Thursday, 14 March 2019

An early CAMRA member writes

about the pricing of beer in pubs.

It does read a bit like a letter you'd find in What's Brewing from the beery equivalent of Angry of Tunbridge Wells:

To the Editor of "The Citizen."
Sir, —In some cases, where an extra penny per pint is charged, the latest public house racket is to serve only in the best rooms and close the public bar. Just how a publican can be permitted by the authorities to close the bar when the best rooms are open beats me. Surely if a public house open at all the whole place should be? I have heard it suggested that the reason for this is the shortage of beer. All things being equal, I maintain that the so-called "roughs" of the bar are much entitled to be served in the public bar as are the elite who patronise the best rooms! How can it be said that there is a shortage of beer when the best rooms are open and the bar closed? Isn't it the extra pennies the brewers or licensees are after? I see that quite number of front doors remain cloned whilst the side doors are open. Also, secret "knocks" still prevail.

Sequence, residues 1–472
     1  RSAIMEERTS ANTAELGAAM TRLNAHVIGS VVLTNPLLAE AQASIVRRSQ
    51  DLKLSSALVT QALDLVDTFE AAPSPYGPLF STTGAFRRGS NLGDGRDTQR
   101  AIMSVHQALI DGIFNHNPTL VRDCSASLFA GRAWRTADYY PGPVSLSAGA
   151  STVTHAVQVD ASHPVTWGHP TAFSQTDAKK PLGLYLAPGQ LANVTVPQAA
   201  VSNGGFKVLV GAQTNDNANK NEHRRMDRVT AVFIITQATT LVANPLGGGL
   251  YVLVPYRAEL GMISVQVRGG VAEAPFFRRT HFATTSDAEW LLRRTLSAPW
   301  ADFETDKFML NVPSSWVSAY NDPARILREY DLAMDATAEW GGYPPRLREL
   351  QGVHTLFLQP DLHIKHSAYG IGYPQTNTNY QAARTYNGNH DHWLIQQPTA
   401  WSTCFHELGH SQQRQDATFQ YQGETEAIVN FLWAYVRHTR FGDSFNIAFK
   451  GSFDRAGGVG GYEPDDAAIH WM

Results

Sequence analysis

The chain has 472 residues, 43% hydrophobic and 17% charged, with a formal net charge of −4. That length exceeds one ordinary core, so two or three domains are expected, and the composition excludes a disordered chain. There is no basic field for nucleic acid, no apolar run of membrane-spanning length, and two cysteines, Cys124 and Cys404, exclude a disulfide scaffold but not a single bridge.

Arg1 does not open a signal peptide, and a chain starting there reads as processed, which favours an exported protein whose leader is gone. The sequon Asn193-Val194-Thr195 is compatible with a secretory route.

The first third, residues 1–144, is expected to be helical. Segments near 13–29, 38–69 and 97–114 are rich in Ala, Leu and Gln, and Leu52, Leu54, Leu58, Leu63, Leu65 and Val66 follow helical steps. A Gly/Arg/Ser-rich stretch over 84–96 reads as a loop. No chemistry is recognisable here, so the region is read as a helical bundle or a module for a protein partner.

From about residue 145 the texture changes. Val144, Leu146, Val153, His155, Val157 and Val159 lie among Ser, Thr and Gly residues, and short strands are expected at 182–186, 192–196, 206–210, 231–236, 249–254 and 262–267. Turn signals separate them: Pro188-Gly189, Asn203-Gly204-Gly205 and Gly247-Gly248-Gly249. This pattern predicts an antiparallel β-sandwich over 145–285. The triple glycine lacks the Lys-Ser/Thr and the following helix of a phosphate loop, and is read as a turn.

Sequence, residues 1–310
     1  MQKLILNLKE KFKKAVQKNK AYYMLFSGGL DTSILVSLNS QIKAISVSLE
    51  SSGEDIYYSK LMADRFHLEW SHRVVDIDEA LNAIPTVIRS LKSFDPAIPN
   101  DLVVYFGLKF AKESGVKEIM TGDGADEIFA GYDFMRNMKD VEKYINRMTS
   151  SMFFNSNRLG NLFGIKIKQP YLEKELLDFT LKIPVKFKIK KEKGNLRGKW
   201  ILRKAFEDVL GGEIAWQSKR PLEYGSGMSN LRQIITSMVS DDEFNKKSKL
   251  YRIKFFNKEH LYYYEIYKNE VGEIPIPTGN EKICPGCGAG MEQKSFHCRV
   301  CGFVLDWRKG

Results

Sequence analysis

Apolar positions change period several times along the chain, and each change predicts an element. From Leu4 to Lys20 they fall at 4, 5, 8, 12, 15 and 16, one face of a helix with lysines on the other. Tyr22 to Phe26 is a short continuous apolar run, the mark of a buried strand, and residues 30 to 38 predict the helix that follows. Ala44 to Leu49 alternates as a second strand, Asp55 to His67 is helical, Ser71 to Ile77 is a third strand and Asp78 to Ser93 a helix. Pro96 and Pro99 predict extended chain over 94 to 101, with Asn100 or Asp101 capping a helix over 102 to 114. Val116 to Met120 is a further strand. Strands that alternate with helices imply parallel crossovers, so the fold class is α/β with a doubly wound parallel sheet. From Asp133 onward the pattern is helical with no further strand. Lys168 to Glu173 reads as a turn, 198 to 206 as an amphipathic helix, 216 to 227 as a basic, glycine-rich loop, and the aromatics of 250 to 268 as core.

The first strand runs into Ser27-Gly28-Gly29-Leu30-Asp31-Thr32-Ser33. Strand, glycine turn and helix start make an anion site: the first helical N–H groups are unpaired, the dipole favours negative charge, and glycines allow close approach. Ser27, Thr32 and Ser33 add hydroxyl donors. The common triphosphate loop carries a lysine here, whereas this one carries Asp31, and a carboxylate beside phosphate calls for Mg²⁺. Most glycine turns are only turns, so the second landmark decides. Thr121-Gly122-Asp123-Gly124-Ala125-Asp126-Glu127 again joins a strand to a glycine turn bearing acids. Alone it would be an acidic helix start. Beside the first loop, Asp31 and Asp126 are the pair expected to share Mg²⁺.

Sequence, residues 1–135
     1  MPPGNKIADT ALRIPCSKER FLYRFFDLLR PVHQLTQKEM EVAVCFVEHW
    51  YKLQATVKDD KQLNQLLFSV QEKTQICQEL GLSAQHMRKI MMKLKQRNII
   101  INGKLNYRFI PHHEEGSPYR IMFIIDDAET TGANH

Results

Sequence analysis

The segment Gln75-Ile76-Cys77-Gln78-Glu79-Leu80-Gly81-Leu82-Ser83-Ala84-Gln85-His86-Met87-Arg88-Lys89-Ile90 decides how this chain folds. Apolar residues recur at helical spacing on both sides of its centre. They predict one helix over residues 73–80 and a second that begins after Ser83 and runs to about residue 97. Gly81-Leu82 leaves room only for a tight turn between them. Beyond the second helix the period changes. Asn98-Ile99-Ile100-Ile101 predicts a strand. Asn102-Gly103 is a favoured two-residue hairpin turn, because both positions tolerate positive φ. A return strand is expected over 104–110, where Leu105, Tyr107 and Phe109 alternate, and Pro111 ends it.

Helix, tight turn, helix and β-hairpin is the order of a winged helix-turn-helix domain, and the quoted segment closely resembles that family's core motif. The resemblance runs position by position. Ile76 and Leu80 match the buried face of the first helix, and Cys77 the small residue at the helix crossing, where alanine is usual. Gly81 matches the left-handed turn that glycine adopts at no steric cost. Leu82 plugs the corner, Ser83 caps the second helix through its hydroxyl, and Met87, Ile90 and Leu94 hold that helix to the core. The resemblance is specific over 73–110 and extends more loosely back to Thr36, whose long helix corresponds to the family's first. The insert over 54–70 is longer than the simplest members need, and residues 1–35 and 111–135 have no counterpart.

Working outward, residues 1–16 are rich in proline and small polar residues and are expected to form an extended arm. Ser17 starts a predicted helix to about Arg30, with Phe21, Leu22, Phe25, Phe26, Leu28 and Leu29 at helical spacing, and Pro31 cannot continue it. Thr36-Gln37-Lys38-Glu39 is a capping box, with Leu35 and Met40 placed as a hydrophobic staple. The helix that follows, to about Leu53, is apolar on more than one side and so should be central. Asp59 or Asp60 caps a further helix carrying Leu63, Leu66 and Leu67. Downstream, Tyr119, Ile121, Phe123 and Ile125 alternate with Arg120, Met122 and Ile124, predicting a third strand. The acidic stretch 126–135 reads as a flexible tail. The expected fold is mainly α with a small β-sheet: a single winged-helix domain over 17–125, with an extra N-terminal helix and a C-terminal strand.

Yours faithfully,
Gloucester Citizen - Saturday 11 April 1942, page 4.

Profiteering brewers and landlords. No wonder Mr. Angry is disgusted. Sorry, Mr. Disgusted is angry.

To put that extra penny per pint into perspective, it had remained the same since beer was 4d to 8d per pint in pre-war days. Though the cheapest beer - watery 4d Mild - would never have been sold in the posher rooms. In 1942, when this article was written, the prices had risen to 9d to 15d. In the public bar.  Making drinking posh much less relatively expensive.

When I were a lad, and Mild and Bitter were 14p and 15p a pint, beer was 1p dearer in the rooms with a carpet. Money thrown away, in my eyes. Pubs in Leeds, where I spent most of my formative drinking years, mostly retained a multiroom layout. And differential pricing.

The knocking through of bars into one room has mostly removed the possibility of this weird relic of the class system. Though, obviously, it just meant that prices were levelled up to those of the the lounge.

It must seem odd to anyone under 30 that pubs once had different prices in different rooms.


The Beer Nut said...

It's still fairly normal here, if they want some full-immersion weird.

Sokratees9 said...

I'd never really noticed it before, but supposedly here in Northern Ireland, in what I might consider a local, there's a difference in price between the bar and lounge. I'd only ever gone to the bar, but a friend organsied a function, and someone mentioned that there was about a 20p difference in the price of nearly all the drinks. Very strange in my opinion...